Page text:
Bond’s recent resurgence of popularity has left people more interested than ever in the character’s many incarnations – and that includes the daily comic strip adventures, originally published in newspapers during the 50s and 60s. This new omnibus collection, recently released by Titan, collects several full adaptations of Fleming’s novels – Casino Royale, Live and Let Die, Moonraker, Diamonds are Forever, From Russia with Love, Dr. No, Goldfinger, From a View to a Kill, For Your Eyes Only and Thunderball – all at a pleasingly affordable price.
While, like most people, I’m more than familiar with James Bond on the screen (and to a lesser extent, in the novels), I have to admit being unaware of the comic strip version before now. These adventures are adapted from the books rather than the films, so they not only have a look all their own, but also the ability to surprise those who feel like they’ve seen the stories before. The artwork is charmingly old-fashioned and the nostalgic feel of a newspaper comic strip that ISN’T all about laughs is surprisingly disarming and, in truth, refreshing.
Although it works as both a historical document of 50s adventure strips and as a nostalgia artifact for those that remember if the first time around, I was surprised at how well the stories also hold up to modern reading. Obviously, there are moments of political incorrectness that wouldn’t be acceptable in a modern strip, but that aside, the stories are enjoyable and engaging, and offer the kind of espionage-based thriller that would barely make it into modern comic shops.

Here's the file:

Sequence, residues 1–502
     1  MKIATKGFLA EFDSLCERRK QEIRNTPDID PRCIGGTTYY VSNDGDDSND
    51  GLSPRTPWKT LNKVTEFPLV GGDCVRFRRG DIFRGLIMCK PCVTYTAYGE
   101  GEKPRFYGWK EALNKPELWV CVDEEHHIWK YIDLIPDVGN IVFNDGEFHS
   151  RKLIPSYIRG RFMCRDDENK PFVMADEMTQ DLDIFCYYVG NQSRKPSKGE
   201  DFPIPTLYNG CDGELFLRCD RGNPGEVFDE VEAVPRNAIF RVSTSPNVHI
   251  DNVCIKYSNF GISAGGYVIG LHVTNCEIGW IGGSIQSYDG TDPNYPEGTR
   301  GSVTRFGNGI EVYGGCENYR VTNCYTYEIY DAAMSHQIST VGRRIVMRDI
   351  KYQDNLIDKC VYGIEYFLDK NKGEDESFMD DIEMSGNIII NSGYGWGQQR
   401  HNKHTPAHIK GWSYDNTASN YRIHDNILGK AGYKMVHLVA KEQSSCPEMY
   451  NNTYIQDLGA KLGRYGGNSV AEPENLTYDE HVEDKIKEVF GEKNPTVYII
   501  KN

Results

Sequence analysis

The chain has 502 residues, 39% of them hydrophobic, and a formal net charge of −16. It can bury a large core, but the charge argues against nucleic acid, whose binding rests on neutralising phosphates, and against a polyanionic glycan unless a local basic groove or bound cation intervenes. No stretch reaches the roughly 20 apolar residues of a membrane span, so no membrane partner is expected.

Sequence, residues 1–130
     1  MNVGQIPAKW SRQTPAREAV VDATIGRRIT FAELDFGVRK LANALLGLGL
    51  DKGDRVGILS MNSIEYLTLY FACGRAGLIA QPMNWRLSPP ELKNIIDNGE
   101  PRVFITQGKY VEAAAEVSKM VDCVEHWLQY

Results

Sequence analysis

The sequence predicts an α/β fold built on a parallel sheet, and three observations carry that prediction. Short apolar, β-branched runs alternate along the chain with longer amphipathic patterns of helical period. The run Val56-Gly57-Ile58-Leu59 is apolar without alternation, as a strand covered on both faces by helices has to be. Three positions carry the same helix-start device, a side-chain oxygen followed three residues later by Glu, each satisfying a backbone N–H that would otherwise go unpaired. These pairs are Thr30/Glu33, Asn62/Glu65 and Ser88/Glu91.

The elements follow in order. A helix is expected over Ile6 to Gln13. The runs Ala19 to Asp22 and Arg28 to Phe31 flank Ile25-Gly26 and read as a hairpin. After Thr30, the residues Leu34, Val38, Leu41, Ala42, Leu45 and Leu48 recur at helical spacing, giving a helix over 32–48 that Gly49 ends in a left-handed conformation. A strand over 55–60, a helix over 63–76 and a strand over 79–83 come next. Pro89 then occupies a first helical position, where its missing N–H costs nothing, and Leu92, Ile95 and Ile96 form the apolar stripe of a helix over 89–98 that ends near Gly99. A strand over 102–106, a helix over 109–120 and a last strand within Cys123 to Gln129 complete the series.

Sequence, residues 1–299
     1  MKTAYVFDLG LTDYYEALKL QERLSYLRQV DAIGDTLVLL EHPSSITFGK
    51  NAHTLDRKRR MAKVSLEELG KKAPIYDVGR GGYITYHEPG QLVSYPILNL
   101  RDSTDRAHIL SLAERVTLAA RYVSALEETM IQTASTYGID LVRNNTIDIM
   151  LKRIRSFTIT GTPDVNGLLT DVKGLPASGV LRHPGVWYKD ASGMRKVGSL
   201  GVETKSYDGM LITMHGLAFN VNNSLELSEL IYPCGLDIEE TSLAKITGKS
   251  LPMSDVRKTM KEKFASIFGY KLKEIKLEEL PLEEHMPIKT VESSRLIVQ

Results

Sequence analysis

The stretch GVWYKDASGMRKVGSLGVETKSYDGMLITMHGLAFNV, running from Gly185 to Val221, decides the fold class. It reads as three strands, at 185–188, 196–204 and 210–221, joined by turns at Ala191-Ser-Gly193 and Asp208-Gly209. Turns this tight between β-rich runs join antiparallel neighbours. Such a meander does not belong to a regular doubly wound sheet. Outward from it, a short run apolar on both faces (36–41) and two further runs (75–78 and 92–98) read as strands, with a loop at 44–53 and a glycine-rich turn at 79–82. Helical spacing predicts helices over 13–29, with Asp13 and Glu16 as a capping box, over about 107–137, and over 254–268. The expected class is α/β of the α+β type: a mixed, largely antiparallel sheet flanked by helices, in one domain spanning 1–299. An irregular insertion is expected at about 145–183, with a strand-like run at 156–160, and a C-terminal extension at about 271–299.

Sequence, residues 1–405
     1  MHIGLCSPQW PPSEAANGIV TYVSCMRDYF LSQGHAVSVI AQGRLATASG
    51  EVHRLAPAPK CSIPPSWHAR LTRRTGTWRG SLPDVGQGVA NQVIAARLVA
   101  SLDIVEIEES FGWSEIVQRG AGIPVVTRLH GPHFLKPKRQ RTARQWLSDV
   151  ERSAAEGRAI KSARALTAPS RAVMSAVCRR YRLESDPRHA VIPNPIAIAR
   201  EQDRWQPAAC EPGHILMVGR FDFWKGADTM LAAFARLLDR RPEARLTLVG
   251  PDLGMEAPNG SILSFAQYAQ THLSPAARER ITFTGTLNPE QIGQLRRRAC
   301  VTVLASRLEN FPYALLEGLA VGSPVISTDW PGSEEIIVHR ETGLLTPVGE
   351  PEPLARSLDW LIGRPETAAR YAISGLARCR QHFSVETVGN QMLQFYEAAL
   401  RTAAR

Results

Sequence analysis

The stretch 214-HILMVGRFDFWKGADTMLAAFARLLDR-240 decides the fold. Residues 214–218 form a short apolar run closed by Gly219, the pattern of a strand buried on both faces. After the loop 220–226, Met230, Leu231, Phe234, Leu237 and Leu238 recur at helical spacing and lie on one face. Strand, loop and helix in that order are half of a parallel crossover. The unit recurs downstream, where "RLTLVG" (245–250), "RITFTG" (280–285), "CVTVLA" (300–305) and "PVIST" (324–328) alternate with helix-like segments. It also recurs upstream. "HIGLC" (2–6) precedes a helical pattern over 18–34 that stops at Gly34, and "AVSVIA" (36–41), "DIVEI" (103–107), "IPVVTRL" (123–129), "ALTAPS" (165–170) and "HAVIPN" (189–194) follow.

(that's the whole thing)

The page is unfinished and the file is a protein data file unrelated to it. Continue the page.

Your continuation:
Indeed, my main concern with the collection was that bringing together so many strips alongside one another would be at odds with the original format – after all, they weren’t designed to be read in one sitting, and this can occasionally cause the individual daily chapters to feel stilted and hard to absorb. In this collection, though, almost the opposite is true – each instalment flows into the next as if they were intended to be read in one sitting. I can’t imagine how it worked in the papers, but set together as complete stories, it feels like any other graphic novel.
Due to the age of the work involved, it’s somewhat forgivable that the reproduced artwork is occasionally a little faded or blurred. If there’s any downside, it’s that the book looks chunkier than it is, and the low-quality paper stock it’s printed on gives it a slightly-too lightweight feel. However – it is priced accordingly. At £14.99 for 300 pages, there’s no doubting that this is a good value collection and despite the production values, you won’t feel ripped off. If you’re a fan of Marvel and DC’s phonebook-style collections, you’ll be more than pleased with this.